One has to conclude that the president's unwillingness to execute a military strategy profoundly troubled his own top advisers since all of them, except national security adviser Samuel Berger, rushed to leak that they had favored proceeding with the attacks. We can be equally sure that in Moscow and Beijing, and in Belgrade and Pyongyang, the American failure to use force -- again -- received more than passing attention. The most startling reaction, however, was the general silence of Republicans once Clinton's failures of nerve and judgment were apparent. Congress was silent perhaps because it was in recess or because it was in the middle of the impeachment process. It doesn't matter, because Republicans cannot afford to be silent during the remainder of the Clinton presidency.

The second theme illuminated by Clinton's retreat, his taking refuge in multilateral "solidarity," also explains why Republicans must regain their voice. Apparently the president believes that holding together an international coalition is more important than actually resolving the problem of Iraq -- the reason the coalition was assembled in the first place. Thus President Clinton on November 15 talked vaguely about assisting opponents of the Iraqi regime, and then said -- as the United States has been saying for eight years -- that Iraq must provide "unfettered access" to U.N. weapons inspectors. The president went on, "Until we see complete compliance, we will remain vigilant, we will keep up the pressure, we will be ready to act." One wonders how he was able to keep a straight face, since it was precisely Iraq's repeated and defiant failure to grant "unfettered access" that had brought us once again to the brink.

By reverting to the discredited idea that U.N. weapons inspectors can eliminate Iraq's ability to produce weapons of mass destruction, Clinton has shown his refusal to learn anything about dealing with post-Gulf War Iraq. Most significantly, he has fatally under-cut his purported support for the Iraqi opposition, since almost none of our international supporters publicly favor the overthrow of Saddam's regime. Neither do we, apparently; immediately after the president's November 15 remarks, Secretary Cohen said the president "was not calling for the overthrow of Saddam Hussein." Can anyone really doubt what the president will do if forced to choose between supporting U.N. weapons inspections (thereby retaining his multilateral cover) and supporting the Iraqi opposition (thereby standing alone)? Can anyone doubt that such a choice could be, at most, months away?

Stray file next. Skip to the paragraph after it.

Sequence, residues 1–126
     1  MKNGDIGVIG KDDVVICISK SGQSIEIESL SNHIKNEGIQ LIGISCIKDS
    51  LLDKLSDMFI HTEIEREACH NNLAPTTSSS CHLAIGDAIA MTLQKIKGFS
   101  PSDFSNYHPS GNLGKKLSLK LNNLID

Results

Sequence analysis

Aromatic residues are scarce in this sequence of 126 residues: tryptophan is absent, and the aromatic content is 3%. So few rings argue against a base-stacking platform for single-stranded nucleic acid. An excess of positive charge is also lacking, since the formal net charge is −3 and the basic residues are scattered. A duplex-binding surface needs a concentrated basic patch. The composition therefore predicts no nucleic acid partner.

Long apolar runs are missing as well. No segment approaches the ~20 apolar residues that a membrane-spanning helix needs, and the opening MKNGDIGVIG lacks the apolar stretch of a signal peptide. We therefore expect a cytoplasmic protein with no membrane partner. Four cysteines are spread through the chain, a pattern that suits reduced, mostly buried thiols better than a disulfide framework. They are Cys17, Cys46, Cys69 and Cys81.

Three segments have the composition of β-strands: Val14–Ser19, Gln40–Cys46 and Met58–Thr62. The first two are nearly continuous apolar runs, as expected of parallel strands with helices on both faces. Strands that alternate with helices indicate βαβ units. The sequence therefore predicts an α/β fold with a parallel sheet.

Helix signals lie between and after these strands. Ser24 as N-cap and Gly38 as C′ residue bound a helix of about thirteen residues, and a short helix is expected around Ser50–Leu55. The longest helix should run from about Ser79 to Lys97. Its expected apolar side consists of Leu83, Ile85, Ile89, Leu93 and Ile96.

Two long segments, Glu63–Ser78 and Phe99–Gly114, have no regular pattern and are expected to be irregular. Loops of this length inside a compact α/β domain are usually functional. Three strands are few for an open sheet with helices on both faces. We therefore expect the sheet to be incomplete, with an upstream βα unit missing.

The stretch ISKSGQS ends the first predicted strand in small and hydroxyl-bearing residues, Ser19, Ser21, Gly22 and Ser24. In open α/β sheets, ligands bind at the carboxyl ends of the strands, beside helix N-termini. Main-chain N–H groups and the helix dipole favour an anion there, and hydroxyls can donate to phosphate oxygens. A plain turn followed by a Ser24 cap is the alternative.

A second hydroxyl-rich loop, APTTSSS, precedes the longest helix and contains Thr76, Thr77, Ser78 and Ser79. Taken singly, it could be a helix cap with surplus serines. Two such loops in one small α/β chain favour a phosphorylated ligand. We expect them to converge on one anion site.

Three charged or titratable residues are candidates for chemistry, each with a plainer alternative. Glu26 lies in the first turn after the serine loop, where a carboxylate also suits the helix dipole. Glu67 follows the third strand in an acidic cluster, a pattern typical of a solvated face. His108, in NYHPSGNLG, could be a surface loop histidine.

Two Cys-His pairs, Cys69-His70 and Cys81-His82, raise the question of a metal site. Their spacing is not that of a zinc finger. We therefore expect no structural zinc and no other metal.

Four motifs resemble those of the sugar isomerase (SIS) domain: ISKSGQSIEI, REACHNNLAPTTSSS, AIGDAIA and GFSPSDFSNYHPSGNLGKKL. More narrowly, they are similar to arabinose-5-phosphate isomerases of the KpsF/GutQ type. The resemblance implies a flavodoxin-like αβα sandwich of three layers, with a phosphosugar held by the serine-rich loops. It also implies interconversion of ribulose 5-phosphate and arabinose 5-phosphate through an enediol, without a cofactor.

Indeed, the confrontation may be at hand: Last week, Iraq barred U.N. weapons inspectors in Baghdad from entering Ba'ath Party headquarters, which is probably a part of Saddam's "concealment mechanism," as former U.N. weapons inspector Scott Ritter has called it. By doing so, Iraqi officials have made hash of Samuel Berger's December 8 defense of the decision not to bomb: "It was a tough call, but the right call. U.N. inspectors are now back on the job." Apparently not. Perhaps even Berger will now see that he was wrong and regret having said, "By bombing after Saddam agreed to the world's demands, we would have lost our moral high ground. The issue would have shifted from his intransigence to our overzealousness." One wonders what "moral high ground" Berger believes the president occupies now.

As pitiful as the president's November performance was, the more unsettling prospect is two more years of this weakness -- globally, not just in the Persian Gulf -- and six more years of it if a President Gore follows in his footsteps. It is therefore imperative that Republicans respond, both because the 2000 presidential campaign is right around the corner and because it is the right thing to do. Republicans in Congress should review the administration's foreign policy failures through oversight hearings by all relevant committees and subcommittees. Foreign relations, defense, intelligence, and appropriations panels in both the House and the Senate can play a major political and educational role in the next 18 months. No amount of administration spin could undo the effect of prolonged congressional scrutiny of Clinton's fear of military force and his addiction to multilateralism.



John R. Bolton is senior vice president of the American Enterprise Institute. During the Bush administration, he served as assistant secretary of state for international organizations.